A few years ago, I went with a bushwalking group on an overnight hike in the Cathedral Ranges State Park in Victoria. I had never been camping before and was excited by the prospect of it. Although I was pretty fit, climbing the steep inclines was challenging. They seemed to last for an eternity. I struggled under the weight of my enormous backpack and wished I hadn't crammed so much stuff in there. Because I am blind, I held on to a fellow walker's elbow for guidance.
Finally we arrived at our destination. After cooking dinner over a camp fire we settled in for the night. Late in the evening I was comfortably snuggled in my sleeping bag when I felt the need to go to the toilet. Reluctantly, I left the shelter of my tent and ventured towards a clump of trees.
On my return, I dropped the toilet roll and stooped to retrieve it. The toilet roll, however, had a mind of its own and meandered off into the night. After searching unsuccessfully for a few minutes, I resumed walking hoping I would soon arrive at my tent.
A long night
After a short time I began to worry. The clump of trees I had gone to had been very close to my tent. I realised that I must be heading in the wrong direction. Becoming increasingly anxious, I wandered around for a while, arms outstretched, calling out for help. My only reply, however, was the howl of the wind through the trees. My mobile phone was also in my tent.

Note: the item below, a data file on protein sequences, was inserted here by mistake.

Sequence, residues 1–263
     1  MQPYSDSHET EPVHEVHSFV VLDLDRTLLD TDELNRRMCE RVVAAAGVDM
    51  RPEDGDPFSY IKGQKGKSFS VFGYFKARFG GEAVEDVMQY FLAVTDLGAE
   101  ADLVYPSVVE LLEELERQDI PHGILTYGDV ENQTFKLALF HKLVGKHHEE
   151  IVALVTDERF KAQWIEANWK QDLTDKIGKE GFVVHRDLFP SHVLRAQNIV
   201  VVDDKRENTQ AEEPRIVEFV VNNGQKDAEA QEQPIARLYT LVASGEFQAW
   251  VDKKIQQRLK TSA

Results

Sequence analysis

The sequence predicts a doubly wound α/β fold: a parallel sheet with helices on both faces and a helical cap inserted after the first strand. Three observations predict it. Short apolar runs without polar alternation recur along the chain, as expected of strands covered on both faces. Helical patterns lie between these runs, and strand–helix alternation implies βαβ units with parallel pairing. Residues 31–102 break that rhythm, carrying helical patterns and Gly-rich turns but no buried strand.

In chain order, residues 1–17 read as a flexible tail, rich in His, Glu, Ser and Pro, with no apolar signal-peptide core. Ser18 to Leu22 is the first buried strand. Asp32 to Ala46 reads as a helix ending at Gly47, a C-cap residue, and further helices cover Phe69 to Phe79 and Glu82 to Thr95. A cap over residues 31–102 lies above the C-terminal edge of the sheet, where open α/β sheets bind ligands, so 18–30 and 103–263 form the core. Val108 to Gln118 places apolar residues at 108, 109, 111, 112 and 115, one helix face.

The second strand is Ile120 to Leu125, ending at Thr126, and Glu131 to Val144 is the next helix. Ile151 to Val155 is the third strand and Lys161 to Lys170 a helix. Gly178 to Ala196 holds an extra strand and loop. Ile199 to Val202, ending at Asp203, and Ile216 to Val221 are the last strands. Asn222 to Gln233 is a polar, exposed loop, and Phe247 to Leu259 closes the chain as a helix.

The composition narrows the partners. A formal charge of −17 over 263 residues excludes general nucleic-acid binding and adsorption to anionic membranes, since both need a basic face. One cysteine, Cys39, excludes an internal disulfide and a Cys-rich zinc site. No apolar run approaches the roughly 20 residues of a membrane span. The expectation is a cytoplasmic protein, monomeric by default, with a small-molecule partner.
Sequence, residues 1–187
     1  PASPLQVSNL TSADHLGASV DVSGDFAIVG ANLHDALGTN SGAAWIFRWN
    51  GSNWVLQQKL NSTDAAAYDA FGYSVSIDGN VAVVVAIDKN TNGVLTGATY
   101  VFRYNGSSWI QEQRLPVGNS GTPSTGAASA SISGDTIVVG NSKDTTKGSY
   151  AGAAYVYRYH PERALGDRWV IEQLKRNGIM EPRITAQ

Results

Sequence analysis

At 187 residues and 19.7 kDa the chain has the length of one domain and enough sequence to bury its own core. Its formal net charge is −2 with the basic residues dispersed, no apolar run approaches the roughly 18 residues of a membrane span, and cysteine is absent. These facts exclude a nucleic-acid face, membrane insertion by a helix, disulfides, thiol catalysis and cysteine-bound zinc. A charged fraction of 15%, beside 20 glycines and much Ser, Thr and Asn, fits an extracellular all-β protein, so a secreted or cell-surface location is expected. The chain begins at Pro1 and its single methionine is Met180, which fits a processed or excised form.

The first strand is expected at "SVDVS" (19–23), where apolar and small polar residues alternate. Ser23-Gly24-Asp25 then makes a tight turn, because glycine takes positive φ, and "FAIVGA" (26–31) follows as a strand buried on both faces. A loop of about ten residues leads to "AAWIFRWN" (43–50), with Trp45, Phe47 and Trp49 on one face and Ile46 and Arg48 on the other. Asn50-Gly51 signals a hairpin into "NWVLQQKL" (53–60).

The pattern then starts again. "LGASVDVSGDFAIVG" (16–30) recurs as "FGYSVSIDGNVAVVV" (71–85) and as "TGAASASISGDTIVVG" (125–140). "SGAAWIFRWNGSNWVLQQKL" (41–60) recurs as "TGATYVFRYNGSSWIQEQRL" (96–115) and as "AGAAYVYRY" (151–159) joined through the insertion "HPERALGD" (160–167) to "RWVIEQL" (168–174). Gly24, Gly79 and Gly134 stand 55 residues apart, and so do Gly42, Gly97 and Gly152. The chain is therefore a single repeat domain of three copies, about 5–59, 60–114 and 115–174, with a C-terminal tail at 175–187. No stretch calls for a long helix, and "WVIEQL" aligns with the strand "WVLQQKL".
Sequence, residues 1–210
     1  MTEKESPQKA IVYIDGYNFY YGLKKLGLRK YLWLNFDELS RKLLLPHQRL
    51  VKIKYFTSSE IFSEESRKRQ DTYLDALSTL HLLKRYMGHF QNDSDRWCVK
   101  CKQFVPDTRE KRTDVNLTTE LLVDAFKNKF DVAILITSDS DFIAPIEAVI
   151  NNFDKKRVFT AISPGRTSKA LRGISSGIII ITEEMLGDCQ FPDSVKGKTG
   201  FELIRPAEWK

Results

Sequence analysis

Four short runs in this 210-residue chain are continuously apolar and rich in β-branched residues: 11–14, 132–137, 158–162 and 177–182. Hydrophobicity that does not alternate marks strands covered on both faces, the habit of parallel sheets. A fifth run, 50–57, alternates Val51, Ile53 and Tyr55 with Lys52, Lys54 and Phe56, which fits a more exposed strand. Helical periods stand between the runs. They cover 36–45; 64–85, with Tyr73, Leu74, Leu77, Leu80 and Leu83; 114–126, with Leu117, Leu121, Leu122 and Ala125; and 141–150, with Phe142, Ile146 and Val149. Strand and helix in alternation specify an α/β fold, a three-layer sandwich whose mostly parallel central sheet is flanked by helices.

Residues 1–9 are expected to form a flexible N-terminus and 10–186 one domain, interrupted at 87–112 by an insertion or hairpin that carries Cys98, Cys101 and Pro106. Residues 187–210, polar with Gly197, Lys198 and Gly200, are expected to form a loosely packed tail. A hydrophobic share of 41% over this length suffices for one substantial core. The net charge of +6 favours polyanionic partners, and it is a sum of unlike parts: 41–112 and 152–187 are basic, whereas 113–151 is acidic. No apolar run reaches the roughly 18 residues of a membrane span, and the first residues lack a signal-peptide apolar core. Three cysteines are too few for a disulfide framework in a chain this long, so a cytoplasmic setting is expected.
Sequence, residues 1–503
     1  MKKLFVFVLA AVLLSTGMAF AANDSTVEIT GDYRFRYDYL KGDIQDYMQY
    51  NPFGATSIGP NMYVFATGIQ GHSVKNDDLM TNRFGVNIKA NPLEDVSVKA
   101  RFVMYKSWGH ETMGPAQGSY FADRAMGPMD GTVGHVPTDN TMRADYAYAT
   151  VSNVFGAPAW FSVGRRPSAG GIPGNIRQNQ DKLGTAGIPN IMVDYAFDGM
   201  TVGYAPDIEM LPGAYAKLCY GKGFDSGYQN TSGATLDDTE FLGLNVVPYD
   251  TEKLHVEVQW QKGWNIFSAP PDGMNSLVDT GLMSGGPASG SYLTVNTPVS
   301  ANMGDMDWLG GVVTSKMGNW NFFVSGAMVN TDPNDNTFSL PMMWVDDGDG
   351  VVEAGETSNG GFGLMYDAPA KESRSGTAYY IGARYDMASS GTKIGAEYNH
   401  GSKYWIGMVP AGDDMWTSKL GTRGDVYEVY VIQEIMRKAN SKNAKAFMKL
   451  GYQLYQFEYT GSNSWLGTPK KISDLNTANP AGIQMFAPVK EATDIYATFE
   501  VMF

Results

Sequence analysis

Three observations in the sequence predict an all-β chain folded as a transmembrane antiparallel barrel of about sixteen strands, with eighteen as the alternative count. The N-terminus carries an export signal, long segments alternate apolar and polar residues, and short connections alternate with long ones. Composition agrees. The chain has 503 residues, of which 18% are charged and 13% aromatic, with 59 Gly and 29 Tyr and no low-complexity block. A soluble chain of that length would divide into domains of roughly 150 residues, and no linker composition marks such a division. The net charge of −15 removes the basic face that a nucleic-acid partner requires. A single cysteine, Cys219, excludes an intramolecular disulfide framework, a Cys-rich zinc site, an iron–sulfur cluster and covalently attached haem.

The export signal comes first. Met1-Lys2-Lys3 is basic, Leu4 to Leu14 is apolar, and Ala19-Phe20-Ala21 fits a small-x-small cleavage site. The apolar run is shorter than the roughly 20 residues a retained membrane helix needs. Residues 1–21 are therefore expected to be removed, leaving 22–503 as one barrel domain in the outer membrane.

At last I collapsed on the ground, exhausted, miserable and afraid. Thunder crashed overhead. The sky opened up and heavy drops of rain pelted down. Fortunately, I was wearing a jacket and plastic pants over my jeans.
It was a very long night. My muscles ached from the day's intense exertion but somehow I managed to doze off.
When morning arrived, I heard voices calling my name. They sounded far away. I got to my feet and yelled out.
Eventually my fellow campers found me and relieved hugs were exchanged. They guided me back to the camp site. I was surprised to discover how far I had wandered. Half an hour later, I was cradling a steaming mug of coffee and feeling significantly cheered. I had changed into dry clothes. The group were very kind and looked after me well.
Today, bushwalking continues to be a hobby of mine. I enjoy exercising and being among nature. My experience of getting lost, however, taught me some valuable lessons. When venturing alone into the bush, I ensure my mobile phone is always with me. My camping gear now includes a long coil of string to attach to my tent if I go out alone. If I lose my sense of direction I can follow the string back to the tent. Oh, and instead of toilet paper, I now take a box of tissues.
By adopting these measures, I hopefully will never get lost in the bush again.